1. By forcible compulsion; or

   2. Who is incapable of consent by reason of being physically helpless;


   3. Who is less than eleven years old; or

   4. Who is less than thirteen years old and the actor is eighteen years

old or more.

   Rape in the first degree is a class B felony.

Sentence: 1 year to 25 years in prison, depending on the threat or violence involved, plus a $5000 fine.

   Date rape and rape-by-a-stranger are also Second Degree Assaults; sentence: 5 years probation, to 7 years in prison.   Rape by a stranger – or a date – at knife point is also First Degree assault; sentence: 3 to 25 years in prison.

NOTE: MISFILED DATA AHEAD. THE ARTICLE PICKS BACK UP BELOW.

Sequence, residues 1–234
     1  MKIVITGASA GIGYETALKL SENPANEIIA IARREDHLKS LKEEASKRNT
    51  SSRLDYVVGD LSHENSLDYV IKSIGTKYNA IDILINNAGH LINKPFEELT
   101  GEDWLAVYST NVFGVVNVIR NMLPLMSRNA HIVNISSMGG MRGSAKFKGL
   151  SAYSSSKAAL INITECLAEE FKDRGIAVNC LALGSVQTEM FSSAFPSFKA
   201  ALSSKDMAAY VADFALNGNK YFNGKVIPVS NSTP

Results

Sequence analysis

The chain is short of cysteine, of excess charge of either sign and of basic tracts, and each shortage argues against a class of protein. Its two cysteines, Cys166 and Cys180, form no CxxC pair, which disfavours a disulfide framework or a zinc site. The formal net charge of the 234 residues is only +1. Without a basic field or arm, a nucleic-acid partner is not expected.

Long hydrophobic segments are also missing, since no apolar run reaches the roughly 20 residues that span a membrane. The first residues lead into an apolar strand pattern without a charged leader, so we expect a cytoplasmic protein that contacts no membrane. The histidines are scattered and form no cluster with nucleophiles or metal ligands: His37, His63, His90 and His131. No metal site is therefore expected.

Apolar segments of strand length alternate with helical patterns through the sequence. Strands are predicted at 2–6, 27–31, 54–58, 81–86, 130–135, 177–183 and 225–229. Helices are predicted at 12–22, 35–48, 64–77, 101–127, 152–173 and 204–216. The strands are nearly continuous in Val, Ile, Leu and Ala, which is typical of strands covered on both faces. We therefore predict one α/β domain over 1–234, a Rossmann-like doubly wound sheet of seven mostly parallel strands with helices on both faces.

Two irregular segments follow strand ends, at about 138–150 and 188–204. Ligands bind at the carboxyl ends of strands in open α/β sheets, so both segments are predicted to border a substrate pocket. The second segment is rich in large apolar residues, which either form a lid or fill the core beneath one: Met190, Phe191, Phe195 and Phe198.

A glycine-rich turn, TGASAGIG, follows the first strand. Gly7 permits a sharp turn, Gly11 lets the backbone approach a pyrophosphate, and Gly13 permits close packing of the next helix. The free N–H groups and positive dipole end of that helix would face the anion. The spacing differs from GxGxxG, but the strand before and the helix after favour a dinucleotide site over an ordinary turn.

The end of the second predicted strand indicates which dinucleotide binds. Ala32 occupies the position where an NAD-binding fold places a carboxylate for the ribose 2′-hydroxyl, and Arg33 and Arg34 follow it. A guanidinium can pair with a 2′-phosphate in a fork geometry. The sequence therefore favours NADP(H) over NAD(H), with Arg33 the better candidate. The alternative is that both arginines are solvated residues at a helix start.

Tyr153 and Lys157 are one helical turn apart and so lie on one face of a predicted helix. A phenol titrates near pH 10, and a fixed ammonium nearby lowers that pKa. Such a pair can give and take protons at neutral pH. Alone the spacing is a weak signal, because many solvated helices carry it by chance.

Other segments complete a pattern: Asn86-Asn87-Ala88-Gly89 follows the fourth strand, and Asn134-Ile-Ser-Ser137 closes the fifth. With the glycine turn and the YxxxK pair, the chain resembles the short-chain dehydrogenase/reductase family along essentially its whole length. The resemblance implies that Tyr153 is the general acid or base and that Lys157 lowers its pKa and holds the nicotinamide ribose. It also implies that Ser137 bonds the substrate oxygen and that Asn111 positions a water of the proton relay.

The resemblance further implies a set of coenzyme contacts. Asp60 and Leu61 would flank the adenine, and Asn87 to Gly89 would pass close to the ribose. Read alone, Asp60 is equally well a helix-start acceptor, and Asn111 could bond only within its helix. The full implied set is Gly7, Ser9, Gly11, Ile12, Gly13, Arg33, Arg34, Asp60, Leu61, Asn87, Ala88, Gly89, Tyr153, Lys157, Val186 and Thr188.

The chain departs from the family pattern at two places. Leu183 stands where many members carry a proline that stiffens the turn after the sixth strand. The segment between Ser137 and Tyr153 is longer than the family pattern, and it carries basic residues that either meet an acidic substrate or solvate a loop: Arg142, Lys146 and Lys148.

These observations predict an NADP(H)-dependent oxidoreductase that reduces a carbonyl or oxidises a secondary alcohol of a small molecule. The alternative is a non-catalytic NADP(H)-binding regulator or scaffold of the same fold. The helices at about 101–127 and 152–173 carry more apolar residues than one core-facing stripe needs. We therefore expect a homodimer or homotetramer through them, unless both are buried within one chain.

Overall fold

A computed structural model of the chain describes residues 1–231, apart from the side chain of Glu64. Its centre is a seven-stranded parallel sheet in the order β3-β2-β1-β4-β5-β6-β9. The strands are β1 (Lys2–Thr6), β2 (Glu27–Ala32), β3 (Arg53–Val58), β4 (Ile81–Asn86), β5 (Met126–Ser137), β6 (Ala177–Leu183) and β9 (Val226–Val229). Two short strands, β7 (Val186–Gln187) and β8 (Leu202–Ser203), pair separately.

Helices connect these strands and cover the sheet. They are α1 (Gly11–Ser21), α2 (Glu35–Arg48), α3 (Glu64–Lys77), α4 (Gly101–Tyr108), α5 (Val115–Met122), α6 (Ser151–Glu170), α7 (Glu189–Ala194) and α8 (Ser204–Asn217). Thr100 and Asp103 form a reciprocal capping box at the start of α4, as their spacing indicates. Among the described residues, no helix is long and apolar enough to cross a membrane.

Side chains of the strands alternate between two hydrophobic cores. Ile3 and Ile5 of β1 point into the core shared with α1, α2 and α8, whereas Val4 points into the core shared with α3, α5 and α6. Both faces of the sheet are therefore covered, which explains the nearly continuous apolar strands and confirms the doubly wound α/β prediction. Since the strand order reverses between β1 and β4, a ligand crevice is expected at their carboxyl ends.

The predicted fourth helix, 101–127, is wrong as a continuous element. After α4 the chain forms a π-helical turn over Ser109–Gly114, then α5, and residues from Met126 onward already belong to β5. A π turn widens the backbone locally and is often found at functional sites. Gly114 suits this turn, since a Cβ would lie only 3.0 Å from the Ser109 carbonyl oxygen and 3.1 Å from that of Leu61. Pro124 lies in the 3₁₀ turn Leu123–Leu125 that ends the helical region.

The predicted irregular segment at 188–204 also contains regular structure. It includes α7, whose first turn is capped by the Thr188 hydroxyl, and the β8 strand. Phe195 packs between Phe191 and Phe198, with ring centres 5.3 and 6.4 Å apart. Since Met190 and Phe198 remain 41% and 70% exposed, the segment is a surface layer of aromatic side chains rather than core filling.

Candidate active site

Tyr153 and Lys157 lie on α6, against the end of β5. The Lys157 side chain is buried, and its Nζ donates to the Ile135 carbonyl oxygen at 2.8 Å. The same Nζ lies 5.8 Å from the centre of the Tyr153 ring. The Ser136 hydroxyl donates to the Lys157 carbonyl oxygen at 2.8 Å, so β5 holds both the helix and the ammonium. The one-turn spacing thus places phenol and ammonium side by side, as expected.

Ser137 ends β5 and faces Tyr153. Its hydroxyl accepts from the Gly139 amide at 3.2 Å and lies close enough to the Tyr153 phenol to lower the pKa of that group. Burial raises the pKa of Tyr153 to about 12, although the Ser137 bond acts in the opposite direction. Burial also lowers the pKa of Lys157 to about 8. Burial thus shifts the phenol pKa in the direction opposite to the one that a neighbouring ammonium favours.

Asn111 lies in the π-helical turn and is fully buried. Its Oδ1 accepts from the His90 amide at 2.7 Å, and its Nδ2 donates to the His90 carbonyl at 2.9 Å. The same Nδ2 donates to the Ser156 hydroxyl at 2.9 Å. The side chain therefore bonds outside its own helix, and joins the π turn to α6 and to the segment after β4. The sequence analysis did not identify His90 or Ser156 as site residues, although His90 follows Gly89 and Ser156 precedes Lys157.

Now, a judge would have considerable lee-way in the sentencing; but having worked briefly as a paralegal back in the ‘90s, I can promise that whatever her other concerns would be, the judge’s primary concern is the interests of the general community. Because legal justice is not about “good” or “bad,” or about “bad” or “worse;” it’s about balancing the interests of the individual with those of the community.

Now, one might think that the sentences may be too lenient; in that case, if your in New York, get politically active and campaign for legislators who would toughen them.